Bethesda, MD (Sept. 1, 2009) — Sexual impairment is common among men with chronic hepatitis C undergoing antiviral therapy, according to a new study in Gastroenterology, the official journal of the American Gastroenterological Association (AGA) Institute.
This is the first time a study evaluating the combination therapy, peginterferon and ribavirin, has identified sexual dysfunction as a side effect. Sexual dysfunction and impairment of desire should be considered common side effects of combination antiviral therapy in men with hepatitis C. It has the potential to affect all three components of sexual health: desire, function and satisfaction.
Before therapy, 37 percent of men reported at least some degree of impairment in sexual desire, while 44 percent reported dissatisfaction with their sexual life. In addition, 22 percent reported impairment in erectile and 26 percent in ejaculatory function. The average onset of sexual dysfunction appeared to be within four weeks of starting antiviral therapy, and many patients reported a gradual worsening over time. At the end of therapy (24 or 48 weeks), an estimated 38 percent to 48 percent of men reported that overall sexual function was worse than before treatment. African Americans reported less impairment in sexual desire and satisfaction than Caucasian Americans during therapy. While most components of sexual health evaluated in this study resolved within six months after the cessation of therapy, erectile and ejaculatory function remained slightly worse than before therapy in a proportion of men who received a full 48 weeks of treatment.
As part of the Study of Viral Resistance to Antiviral Therapy of Chronic Hepatitis C (VIRAHEP-C), 260 men treated with peginterferon alfa-2a and ribavirin completed self-administered questionnaires concerning sexual desire, sexual function — including erectile and ejaculatory function — and sexual satisfaction before, during and after treatment.
Chronic hepatitis C affects 1 percent to 2 percent of the American population and is more common among African Americans than Caucasian Americans and other racial and ethnic groups in the U.S. While current therapies for hepatitis C are evolving, at present they remain only partially effective.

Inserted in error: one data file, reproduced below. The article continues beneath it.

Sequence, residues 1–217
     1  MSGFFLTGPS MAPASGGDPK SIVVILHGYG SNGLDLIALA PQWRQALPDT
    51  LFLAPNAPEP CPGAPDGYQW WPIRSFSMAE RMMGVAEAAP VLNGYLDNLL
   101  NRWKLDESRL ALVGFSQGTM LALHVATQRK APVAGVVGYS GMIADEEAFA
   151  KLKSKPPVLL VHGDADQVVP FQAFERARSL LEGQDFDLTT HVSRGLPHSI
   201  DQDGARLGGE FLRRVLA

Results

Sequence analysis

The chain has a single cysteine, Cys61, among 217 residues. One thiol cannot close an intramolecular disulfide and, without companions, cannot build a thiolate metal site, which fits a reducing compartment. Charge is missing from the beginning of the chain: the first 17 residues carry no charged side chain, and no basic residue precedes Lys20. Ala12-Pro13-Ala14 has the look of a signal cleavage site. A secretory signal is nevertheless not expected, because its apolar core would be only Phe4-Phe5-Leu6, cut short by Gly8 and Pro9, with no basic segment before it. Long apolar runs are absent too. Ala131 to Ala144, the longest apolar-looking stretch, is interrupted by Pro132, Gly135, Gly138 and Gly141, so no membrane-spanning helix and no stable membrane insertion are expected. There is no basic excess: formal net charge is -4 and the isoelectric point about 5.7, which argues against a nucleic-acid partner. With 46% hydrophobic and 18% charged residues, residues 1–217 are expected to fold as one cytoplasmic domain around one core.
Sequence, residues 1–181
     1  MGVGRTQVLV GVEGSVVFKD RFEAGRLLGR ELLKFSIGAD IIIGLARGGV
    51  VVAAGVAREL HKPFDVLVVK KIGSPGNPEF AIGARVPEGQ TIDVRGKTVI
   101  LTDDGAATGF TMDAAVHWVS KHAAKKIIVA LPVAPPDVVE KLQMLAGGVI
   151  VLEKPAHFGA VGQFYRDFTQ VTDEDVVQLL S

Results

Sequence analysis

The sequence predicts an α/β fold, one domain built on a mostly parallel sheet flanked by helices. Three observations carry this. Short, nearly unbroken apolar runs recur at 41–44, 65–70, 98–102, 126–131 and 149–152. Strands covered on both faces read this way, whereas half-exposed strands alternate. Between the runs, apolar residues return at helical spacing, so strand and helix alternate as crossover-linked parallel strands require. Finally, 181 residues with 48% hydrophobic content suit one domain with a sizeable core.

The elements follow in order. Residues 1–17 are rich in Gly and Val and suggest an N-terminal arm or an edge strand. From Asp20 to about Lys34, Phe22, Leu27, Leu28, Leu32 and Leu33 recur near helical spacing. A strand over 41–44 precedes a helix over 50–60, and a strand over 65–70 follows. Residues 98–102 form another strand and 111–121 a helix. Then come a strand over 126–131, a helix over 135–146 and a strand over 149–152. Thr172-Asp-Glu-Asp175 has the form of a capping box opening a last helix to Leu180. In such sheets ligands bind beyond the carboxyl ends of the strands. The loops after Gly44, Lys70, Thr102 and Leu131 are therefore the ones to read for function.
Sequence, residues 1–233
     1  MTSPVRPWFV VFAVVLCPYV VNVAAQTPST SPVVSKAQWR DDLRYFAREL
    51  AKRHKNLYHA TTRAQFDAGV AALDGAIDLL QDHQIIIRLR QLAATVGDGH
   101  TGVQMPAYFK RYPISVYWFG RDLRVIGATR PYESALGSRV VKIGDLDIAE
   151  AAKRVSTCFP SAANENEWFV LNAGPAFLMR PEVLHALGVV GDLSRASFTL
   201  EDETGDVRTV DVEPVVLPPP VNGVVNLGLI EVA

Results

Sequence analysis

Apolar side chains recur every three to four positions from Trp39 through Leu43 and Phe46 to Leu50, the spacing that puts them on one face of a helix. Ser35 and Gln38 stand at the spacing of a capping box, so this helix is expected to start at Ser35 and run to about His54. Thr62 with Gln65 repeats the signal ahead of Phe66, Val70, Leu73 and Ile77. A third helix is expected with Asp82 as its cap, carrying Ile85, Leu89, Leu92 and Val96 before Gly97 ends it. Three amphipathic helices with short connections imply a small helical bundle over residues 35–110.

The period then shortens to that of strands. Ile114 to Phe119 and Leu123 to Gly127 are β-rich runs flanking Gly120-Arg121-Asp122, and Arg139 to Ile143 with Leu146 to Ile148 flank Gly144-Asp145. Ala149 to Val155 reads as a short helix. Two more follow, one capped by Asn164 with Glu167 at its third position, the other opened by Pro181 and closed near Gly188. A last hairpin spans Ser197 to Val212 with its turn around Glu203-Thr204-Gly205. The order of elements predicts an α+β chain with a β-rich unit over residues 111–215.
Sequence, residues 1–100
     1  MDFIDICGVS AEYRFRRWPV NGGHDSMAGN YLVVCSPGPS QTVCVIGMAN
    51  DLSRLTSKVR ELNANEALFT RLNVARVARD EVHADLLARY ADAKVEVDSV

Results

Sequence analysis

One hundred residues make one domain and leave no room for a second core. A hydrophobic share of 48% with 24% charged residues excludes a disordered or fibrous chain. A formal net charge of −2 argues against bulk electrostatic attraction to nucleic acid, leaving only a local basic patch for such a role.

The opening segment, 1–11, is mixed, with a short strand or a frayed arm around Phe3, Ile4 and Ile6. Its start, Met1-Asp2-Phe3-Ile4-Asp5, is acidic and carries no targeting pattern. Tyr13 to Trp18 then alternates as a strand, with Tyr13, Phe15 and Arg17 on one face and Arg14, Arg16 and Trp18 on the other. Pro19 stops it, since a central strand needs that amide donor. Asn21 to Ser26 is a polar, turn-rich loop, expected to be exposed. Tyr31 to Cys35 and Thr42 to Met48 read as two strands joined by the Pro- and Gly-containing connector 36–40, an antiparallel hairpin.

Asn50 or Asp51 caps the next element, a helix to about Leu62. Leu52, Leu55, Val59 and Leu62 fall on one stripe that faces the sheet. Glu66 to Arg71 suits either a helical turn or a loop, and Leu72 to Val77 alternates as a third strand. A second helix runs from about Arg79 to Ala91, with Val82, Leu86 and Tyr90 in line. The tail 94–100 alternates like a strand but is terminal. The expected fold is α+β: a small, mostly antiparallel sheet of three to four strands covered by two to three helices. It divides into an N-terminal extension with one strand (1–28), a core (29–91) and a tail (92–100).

Though sexual function and health are important elements of quality of life and overall well-being, they are infrequently mentioned in the discussion of complications of therapy with peginterferon and ribavirin. In fact, most review articles on hepatitis C treatment, summary publications on the side effects of therapy and the package inserts for peginterferon do not mention sexual dysfunction as a potential complication of therapy.
For more information on viral hepatitis, visit the AGA patient center at www.gastro.org/patient.
About the AGA Institute
The American Gastroenterological Association is the trusted voice of the GI community. Founded in 1897, the AGA has grown to include 17,000 members from around the globe who are involved in all aspects of the science, practice and advancement of gastroenterology. The AGA Institute administers the practice, research and educational programs of the organization. www.gastro.org.
Gastroenterology, the official journal of the AGA Institute, is the most prominent scientific journal in the specialty and is in the top 1 percent of indexed medical journals internationally. The journal publishes clinical and basic science studies of all aspects of the digestive system, including the liver and pancreas, as well as nutrition. The journal is abstracted and indexed in Biological Abstracts, CABS, Chemical Abstracts, Current Contents, Excerpta Medica, Index Medicus, Nutrition Abstracts and Science Citation Index. For more information, visit www.gastrojournal.org.